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Review: New Second City T.O. revue takes on Trudeau, Trump and more (Includes first-hand account)

That turns out to be a good thing. In The Hotline Always Blings Twice, which opened earlier this week, the six gifted writer-performers and veteran director Chris Earle mine laughs from many unlikely sources in a surprisingly consistent show. Everybody in this cast gets more than a few shining moments — especially Picnicface co-founder Kyle Dooley, whose straight-faced demeanor and New Yorkish accents sometimes remind me of Rafael, the sarcastic clerk from The Simpsons. Newcomer Becky Johnson also stands out, winning laughs and sympathy whether she’s playing a second-grader, an upper-class wife with weird secrets or a drunken, overage Frosh girl.

Unusual for a Second City revue, Hotline has no improv or audience participation (except the usual free improv set following every show, of course), but it does try a few new things. There’s a lengthy musical sequence about Trudeaumania Part II that plays almost like the comedy equivalent of an old prog-rock epic by Genesis or Jethro Tull. It starts off with Johnson, Leigh Cameron and Kirsten Rasmussen playing a silhouetted horse representing Canada, with Dooley’s Trudeau mounting the steed as a heroic knight; it then morphs into a rock number, then a medieval ballad and then an auto-tuned pop song with Trudeau singing as a Justin Timberlake-style heartthrob. It’s a risk, but it pays off as satire of modern political celebrity.

Another one of the best sketches depicts the rise of the Uber cab service as a love triangle right out of a 1940s film noir. A tough-talking dame (Cameron) is leaving her old lover, Beck (Kevin Whalen), for hotter new flame Uber (Dooley), complete with fedoras and hard-boiled repartee. “Your [credit] machine is always down,” Cameron complains to Whalen, who snaps back: “I can get it up!”

And another funny, lengthy scene has Whalen bringing his nine-year-old daughter (Rasmussen) to a Blue Jays game, only to find themselves sitting next to a cynical lifetime Jays supporter (Dooley again) who can’t stop complaining about the fair-weather fans. “You weren’t here for the hard years!” he gripes, over and over — not just about the team, but about the hot dogs.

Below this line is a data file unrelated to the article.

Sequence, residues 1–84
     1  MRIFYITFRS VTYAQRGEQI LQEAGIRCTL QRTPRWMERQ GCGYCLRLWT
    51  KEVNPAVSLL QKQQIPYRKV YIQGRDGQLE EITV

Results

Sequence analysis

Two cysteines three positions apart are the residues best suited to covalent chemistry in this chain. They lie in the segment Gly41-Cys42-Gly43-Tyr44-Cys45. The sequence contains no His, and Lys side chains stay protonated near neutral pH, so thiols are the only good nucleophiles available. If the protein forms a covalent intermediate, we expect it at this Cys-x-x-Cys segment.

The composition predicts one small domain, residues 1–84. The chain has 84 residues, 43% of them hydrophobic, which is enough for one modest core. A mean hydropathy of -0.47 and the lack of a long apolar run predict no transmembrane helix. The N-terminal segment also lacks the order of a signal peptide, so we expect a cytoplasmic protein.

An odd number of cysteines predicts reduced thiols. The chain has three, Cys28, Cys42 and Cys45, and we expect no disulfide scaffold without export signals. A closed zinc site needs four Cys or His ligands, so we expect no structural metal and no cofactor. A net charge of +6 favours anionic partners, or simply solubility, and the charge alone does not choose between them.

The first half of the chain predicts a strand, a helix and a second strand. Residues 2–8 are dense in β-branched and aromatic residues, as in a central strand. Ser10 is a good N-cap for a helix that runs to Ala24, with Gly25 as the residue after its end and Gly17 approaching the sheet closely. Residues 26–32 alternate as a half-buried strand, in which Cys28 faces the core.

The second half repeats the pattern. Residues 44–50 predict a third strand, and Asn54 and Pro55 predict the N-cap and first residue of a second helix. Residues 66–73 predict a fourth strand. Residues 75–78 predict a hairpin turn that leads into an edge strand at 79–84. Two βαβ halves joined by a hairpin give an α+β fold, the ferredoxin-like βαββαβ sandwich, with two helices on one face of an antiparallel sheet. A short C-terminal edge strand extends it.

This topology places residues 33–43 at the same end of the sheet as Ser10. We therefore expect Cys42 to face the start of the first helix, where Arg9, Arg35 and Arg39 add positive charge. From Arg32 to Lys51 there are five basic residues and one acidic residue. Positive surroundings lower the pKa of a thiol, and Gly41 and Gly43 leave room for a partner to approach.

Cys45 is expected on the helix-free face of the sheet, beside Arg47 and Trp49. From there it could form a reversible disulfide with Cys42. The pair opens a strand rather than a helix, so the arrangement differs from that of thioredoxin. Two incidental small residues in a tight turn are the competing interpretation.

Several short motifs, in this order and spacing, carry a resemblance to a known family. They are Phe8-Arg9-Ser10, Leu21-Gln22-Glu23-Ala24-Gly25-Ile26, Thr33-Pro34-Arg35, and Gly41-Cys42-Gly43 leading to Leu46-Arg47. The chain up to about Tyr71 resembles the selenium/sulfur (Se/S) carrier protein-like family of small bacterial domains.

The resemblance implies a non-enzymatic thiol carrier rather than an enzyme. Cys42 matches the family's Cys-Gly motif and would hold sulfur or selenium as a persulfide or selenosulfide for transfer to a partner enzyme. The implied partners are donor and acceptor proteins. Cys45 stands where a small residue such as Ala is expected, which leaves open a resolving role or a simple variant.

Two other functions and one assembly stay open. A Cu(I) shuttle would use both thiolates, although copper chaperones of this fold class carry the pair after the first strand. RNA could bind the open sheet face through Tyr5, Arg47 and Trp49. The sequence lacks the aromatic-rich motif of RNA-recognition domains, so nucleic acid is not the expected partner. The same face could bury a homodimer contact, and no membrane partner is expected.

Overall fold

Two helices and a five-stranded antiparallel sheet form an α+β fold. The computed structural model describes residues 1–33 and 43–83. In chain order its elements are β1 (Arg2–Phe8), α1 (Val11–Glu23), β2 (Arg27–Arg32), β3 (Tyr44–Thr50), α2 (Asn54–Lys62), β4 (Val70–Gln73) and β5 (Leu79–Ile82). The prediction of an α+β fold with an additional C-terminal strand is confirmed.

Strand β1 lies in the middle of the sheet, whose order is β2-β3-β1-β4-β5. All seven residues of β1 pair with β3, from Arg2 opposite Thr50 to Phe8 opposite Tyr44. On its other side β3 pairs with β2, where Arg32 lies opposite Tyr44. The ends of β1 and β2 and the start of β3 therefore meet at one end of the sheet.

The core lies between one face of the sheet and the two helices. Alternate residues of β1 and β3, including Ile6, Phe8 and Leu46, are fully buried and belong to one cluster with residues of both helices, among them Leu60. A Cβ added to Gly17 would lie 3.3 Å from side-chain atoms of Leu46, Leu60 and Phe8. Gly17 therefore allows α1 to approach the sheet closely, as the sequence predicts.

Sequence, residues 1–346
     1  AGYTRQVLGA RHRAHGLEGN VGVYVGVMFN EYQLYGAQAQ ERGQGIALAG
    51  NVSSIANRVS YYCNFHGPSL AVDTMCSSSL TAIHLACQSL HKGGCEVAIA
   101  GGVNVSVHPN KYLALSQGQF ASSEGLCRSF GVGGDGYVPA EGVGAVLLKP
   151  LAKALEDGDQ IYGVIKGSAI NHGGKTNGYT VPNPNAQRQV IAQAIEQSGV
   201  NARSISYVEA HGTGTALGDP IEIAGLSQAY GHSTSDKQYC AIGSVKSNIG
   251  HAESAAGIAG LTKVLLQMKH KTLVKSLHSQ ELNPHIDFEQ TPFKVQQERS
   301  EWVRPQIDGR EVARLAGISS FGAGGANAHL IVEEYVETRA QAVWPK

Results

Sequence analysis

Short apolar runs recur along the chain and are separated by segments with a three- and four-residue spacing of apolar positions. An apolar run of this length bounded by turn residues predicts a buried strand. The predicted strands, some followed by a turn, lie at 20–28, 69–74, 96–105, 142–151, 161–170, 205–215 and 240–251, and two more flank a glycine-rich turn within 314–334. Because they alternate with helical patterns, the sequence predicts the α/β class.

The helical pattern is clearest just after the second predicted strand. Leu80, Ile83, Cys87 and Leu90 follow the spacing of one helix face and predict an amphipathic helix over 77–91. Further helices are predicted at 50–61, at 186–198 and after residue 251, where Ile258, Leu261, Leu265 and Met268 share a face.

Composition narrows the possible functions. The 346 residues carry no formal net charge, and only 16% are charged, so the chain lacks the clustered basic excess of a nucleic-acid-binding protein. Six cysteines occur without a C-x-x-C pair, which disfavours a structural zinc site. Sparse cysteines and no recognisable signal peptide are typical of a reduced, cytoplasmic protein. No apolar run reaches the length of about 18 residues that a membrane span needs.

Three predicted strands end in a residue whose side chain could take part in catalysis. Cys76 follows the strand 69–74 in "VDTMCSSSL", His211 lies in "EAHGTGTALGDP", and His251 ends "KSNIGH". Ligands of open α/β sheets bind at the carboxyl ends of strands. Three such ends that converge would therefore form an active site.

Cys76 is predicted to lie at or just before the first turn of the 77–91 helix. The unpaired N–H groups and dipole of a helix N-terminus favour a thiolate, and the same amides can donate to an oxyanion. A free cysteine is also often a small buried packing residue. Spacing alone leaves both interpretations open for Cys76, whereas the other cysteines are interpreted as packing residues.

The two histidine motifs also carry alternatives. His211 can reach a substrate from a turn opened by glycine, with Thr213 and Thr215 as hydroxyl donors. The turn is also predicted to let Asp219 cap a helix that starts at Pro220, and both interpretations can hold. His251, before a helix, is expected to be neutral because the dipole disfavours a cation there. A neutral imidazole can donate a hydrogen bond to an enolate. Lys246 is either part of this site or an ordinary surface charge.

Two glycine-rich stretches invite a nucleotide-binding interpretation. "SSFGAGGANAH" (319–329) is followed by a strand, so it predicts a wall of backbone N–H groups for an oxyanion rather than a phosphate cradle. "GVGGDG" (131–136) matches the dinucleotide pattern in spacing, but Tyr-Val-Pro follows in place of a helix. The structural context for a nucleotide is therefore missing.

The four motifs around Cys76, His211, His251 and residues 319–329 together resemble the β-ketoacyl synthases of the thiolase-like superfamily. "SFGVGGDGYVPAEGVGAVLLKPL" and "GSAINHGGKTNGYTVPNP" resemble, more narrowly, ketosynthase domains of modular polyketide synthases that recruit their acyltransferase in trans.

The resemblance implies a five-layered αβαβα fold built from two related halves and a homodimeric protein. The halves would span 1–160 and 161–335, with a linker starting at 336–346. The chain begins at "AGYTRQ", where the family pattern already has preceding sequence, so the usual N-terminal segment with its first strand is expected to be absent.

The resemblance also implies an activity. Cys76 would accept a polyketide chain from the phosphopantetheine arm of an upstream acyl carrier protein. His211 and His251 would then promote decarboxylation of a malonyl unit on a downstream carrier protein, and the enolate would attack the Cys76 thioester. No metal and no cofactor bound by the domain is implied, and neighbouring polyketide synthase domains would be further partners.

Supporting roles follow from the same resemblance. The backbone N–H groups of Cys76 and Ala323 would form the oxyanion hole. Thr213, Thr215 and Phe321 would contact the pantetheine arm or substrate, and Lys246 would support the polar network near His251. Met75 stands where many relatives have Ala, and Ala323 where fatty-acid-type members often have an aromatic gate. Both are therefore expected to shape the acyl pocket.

The first half of Hotline is stronger than the latter, which alternates between fair social satire and random silliness. Better bits in the second half include a dead-on lampoon of social media, in which Rasmussen decides to “thin the herd” of her annoying Facebook friends with a trigger finger worthy of Clint Eastwood, and a scene in which Whalen’s and Cameron’s panic about a house intruder evolves into a conflict about gender roles. A brief bit about a grade-school talent show taken over by overzealous dads is funny because it’s so true. Other sketches about a fortune teller (Johnson) with mischievous spirit friends and a weird blockbuster movie trailer are sporadically funny, but lack the spark and originality of the better scenes. (There’s one about a translator who tags along on a blind date and states what the other two people really mean to say; the premise is suspiciously similar to a sketch I wrote for a Second City writing class about five years ago… but nobody’s jumping to conclusions.)

As I said, current events, issues and trends play a big role in this new revue — Trudeau, Uber, medical marijuana, TV streaming services — although far from exclusively, and there’s plenty of more universal material as well. Etan Muskat opens the show with a monologue satirizing Donald Trump’s election platform, calling for Canada to build a wall to keep Americans out, while Whalen has a scene as a fully grown Syrian refugee presenting a Show and Tell in an elementary-school classroom, because all the ESL classes are full. The latter scene runs too long and wavers uncomfortably over the line between preachy and funny, but it gets its point across.

“I have freedom. You do too, but I appreciate mine,” says Whalen to the class. “One day, I hope to be a real Canadian and take it for granted.”

Overall, another night of fine comedy from Second City. You can’t always get perfection, but there’s a lot of good material here.

The Hotline Always Blings Twice runs at Toronto’s Second City Mainstage until July 3.

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